Ready meals and 'germ phobia' may be linked to bowel disease
The number of Irish children suffering from life-changing bowel disease has increased threefold in recent years, which experts believe could be linked to ready meals and hyper hygiene.
As gastroenterologists around the globe mark World Inflammatory Bowel Disease (IBD) Day today, Trinity College Professor Colm O'Morain said there was growing evidence that processed food, over-reliance on antibiotics and the lack of exposure to germs and bacteria could be factors triggering Crohn's disease and ulcerative colitis.
Both chronic bowel diseases have no known cure or cause although environmental factors and genetics are suspected.
But what is known is that the number of Irish children between the ages of 10 and 16 who have been diagnosed with IBD has sky-rocketed in the past 15 years, according to Prof O'Morain.
They now make up a significant number of approximately 40,000 people in Ireland suffering from Inflammatory Bowel Disease (IBD).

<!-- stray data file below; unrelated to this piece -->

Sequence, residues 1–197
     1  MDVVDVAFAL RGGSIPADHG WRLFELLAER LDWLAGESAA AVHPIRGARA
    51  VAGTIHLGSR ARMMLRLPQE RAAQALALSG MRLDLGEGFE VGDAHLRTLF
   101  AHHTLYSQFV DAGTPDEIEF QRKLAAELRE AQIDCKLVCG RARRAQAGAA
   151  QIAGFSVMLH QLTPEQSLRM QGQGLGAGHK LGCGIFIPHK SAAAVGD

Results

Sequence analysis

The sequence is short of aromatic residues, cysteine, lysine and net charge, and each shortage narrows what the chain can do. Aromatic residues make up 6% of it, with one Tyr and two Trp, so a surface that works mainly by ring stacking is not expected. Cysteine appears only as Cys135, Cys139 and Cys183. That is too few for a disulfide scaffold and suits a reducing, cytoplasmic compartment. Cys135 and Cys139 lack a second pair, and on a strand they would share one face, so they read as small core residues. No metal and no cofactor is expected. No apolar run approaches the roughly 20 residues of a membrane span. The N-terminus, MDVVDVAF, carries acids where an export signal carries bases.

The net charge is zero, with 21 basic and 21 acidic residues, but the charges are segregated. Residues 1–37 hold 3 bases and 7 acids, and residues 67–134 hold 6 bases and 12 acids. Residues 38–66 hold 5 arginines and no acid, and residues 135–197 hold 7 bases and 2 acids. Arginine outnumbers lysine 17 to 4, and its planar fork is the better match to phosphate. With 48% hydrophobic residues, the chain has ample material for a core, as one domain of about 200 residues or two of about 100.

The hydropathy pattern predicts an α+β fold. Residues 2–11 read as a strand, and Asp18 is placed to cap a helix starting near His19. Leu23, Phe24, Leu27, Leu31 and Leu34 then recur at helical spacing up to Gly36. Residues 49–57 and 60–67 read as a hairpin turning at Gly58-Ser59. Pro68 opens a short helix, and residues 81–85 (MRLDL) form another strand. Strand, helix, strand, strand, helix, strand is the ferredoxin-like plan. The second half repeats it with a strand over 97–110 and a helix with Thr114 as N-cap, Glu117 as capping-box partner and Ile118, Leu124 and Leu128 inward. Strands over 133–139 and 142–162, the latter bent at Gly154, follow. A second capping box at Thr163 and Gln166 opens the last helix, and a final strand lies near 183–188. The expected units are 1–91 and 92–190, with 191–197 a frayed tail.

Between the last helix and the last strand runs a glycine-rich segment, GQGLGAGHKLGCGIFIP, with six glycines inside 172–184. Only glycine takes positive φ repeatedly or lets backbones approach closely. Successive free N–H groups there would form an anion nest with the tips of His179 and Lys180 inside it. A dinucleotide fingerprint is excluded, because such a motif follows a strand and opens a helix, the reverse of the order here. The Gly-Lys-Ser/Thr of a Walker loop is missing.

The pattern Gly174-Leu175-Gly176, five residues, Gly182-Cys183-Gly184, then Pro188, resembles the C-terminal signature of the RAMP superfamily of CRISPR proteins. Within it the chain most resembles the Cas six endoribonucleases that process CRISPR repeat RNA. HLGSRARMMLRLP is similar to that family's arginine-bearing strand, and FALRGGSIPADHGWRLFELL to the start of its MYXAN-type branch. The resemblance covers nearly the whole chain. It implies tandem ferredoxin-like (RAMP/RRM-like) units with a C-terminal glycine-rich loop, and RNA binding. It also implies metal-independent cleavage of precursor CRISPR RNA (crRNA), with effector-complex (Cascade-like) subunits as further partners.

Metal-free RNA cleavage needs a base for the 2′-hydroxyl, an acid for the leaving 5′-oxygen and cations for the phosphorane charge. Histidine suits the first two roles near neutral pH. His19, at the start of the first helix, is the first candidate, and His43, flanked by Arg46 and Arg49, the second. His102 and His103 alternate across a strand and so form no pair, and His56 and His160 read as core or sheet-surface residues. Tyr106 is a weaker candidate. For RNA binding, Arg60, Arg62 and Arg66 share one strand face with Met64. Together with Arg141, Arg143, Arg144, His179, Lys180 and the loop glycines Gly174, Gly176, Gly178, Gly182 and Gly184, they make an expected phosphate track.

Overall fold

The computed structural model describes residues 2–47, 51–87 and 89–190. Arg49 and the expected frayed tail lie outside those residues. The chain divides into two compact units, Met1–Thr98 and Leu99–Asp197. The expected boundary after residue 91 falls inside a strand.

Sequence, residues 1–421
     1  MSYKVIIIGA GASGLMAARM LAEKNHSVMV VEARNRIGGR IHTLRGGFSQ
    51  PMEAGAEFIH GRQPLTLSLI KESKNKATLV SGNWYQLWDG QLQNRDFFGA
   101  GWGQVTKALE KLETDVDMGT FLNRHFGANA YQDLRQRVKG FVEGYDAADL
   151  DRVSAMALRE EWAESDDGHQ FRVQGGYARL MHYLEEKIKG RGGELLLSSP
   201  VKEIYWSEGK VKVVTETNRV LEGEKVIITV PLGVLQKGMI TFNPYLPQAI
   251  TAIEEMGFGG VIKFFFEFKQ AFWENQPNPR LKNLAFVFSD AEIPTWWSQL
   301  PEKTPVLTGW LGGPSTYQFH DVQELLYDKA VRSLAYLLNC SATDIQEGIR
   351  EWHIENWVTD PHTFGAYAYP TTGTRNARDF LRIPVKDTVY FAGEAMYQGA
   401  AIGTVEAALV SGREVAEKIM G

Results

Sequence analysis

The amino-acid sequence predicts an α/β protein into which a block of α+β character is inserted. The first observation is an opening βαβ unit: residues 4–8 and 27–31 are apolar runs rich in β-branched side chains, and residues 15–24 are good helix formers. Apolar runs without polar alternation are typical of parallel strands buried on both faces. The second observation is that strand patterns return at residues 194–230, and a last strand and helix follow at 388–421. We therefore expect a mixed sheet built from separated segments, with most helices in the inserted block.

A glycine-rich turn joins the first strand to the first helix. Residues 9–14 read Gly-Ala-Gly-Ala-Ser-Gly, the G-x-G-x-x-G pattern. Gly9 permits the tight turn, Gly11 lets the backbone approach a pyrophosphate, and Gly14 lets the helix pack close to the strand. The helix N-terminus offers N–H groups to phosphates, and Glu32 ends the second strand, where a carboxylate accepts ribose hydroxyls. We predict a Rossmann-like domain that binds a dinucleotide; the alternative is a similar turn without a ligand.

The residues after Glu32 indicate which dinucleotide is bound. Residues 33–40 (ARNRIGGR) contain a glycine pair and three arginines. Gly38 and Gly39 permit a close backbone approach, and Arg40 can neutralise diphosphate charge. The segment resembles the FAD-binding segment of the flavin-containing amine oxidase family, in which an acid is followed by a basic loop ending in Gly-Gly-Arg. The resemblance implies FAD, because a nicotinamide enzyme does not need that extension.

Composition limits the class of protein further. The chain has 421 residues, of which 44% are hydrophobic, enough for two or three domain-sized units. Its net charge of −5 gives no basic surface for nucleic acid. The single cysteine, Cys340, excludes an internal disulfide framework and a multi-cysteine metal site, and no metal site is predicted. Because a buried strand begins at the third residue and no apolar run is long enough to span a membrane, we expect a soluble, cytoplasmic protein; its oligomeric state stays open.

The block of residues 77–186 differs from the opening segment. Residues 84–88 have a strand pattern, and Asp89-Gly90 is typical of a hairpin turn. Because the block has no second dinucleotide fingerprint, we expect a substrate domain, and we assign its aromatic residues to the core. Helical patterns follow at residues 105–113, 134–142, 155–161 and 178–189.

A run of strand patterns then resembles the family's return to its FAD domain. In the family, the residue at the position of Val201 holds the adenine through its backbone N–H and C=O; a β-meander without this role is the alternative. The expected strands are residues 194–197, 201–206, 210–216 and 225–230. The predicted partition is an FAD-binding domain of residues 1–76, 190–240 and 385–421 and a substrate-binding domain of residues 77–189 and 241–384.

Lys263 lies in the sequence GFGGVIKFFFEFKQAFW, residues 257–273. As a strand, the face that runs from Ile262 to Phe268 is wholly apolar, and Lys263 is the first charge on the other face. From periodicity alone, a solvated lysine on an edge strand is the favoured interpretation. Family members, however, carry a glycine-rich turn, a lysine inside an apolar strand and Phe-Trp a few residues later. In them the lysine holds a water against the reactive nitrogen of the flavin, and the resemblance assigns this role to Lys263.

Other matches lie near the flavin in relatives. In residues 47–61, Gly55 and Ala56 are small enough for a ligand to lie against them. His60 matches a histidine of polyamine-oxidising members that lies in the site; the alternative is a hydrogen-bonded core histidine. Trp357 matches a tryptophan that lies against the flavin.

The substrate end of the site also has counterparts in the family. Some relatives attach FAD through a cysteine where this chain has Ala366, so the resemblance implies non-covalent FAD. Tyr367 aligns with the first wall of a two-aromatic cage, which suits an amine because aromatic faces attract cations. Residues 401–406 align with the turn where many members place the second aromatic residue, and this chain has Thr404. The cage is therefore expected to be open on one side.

But our Western lifestyle - including a diet consisting of ready meals and prepared food - and hyper hygiene were suspected triggers, he said.
The body's immune response could be compromised by lack of exposure to germs, which could explain why the incidences of IBD in Western countries are much higher than in developing countries, he added.
Both diseases involve chronic inflammation of the intestine.
However, Crohn's disease can affect the entire digestive system from the mouth to the rectum, whereas colitis affects the colon and rectum.
Although both diseases can occur at any time, both were more likely to affect those people under the age of 30, with symptoms typically beginning in adolescence, Prof O'Morain said.
The Irish Society for Colitis & Crohn's disease (a patient support group) has launched an awareness campaign called #DoubleUp which is calling on the government, through an online petition, to double the number of specialist IBD numbers in Ireland - bringing the number from 14 to 28 nurses in line with IBD treatment recommendations and best practice across other European countries like the UK.